Tom Jolliffe selects his Five Essential Sylvester Stallone films…
From the moment he brought us Rocky, through to giving us Rambo, until his most recent gift, The Expendables, Sly Stallone has been a hero to many a red blooded male. Be it the bygone days of childhood, sneaking Stallone viewings from the video collection of a friends older brother, or having yet another round with the likes of Carl Weathers, Mr. T and Dolph Lundgren in repeat Rocky saga viewings in your adult years, Sly has inspired so many underdogs to strive for their day, or limp-chested flab monsters to pick up a dumb-bell. The man is an icon, and one of the three kings of the action world. Part of the trifector that is the Planet Hollywood gang, of himself, Arnold Schwarzenegger and Bruce Willis. Sly commands respect from those around him and will always try to deliver what the fans want (even though he sometimes misfires badly… ahem… Rhinestone!). His latest triumph was in orchestrating perhaps the ultimate assembling of badassedness to ever grace the silver screen, with The Expendables featuring a who’s who of rugged blow ‘em up specialists. Only Sly could have made it possible. With this in mind, and in honour of the Italian Stallion, I bring you: the essential Sly Stallone!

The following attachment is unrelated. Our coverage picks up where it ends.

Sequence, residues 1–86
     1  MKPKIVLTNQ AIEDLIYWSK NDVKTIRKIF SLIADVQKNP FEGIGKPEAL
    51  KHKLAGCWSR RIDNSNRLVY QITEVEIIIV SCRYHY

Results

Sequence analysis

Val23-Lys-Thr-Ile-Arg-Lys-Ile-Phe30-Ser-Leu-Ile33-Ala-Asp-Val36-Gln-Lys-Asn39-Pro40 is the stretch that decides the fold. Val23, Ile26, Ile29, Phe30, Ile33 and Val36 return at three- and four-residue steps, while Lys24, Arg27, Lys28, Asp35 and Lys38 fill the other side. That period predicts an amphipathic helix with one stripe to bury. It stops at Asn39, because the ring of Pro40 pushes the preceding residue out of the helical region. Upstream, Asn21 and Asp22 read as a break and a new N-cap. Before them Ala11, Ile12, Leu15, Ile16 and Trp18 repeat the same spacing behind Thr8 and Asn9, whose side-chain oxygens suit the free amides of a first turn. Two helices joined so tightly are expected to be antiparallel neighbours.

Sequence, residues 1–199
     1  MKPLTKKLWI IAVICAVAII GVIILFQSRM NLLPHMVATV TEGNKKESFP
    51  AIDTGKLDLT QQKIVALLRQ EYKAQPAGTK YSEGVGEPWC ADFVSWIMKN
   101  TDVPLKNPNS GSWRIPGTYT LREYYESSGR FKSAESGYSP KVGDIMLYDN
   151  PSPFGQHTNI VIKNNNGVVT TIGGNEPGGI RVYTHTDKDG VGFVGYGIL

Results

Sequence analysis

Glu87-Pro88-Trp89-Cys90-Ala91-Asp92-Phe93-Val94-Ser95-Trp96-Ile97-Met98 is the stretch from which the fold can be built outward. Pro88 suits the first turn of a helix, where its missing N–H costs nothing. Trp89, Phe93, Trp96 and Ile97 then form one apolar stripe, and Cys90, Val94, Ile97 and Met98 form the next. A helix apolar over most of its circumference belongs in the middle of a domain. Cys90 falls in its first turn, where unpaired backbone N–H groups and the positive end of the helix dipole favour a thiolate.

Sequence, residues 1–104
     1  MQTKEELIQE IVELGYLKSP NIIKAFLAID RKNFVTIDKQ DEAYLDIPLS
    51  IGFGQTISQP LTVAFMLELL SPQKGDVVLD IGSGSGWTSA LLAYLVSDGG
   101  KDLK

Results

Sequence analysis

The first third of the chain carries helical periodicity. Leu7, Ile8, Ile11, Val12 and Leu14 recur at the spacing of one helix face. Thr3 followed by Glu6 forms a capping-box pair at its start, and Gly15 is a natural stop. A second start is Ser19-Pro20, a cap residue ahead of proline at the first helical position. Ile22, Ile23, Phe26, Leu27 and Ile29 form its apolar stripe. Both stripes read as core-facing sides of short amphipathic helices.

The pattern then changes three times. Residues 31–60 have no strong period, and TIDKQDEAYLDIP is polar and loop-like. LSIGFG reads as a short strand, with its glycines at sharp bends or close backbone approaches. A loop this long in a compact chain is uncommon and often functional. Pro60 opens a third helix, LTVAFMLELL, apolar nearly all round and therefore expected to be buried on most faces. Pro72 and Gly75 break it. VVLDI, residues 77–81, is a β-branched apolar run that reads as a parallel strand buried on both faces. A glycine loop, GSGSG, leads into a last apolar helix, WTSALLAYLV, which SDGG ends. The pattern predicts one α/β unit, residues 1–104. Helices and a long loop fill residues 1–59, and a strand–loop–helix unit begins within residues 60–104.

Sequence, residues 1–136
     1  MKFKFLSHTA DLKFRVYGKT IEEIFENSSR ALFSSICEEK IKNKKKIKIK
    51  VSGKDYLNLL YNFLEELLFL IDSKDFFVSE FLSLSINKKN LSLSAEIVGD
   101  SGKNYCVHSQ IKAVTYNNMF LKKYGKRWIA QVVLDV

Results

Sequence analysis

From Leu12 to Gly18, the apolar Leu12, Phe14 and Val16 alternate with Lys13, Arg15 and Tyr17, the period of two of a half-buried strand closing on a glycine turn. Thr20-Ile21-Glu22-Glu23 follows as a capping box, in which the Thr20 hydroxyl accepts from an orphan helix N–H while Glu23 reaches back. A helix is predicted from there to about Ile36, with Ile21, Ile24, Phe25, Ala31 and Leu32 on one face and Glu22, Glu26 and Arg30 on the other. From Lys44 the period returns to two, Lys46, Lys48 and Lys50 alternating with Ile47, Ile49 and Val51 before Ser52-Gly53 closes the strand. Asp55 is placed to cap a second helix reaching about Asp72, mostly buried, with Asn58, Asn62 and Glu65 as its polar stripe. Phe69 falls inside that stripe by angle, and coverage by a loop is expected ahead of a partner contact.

5. Cliffhanger (1993, dir. Renny Harlin)
Very tough to start. Lets be honest, Sly has had his share of turkeys, and given the man’s acting ability on top form, he’s not always pushed himself in his roles. The action genre has made him an icon, but by the same token moved him away from dramatic weight quite often. However, Sly throws himself into his action flicks with aplomb and Cliffhanger is no different. With a fantastic setting, a ridiculously hammy bad guy (John Lithgow) and some ridiculously hammy co-stars (Michael Rooker, Rex Linn), Cliffhanger delivers what action fans desire. There’s some brilliant mountain-set set pieces, and Stallone once again plays the underdog who defies the odds to win.
4. Rocky Balboa (2006, dir. Sylvester Stallone)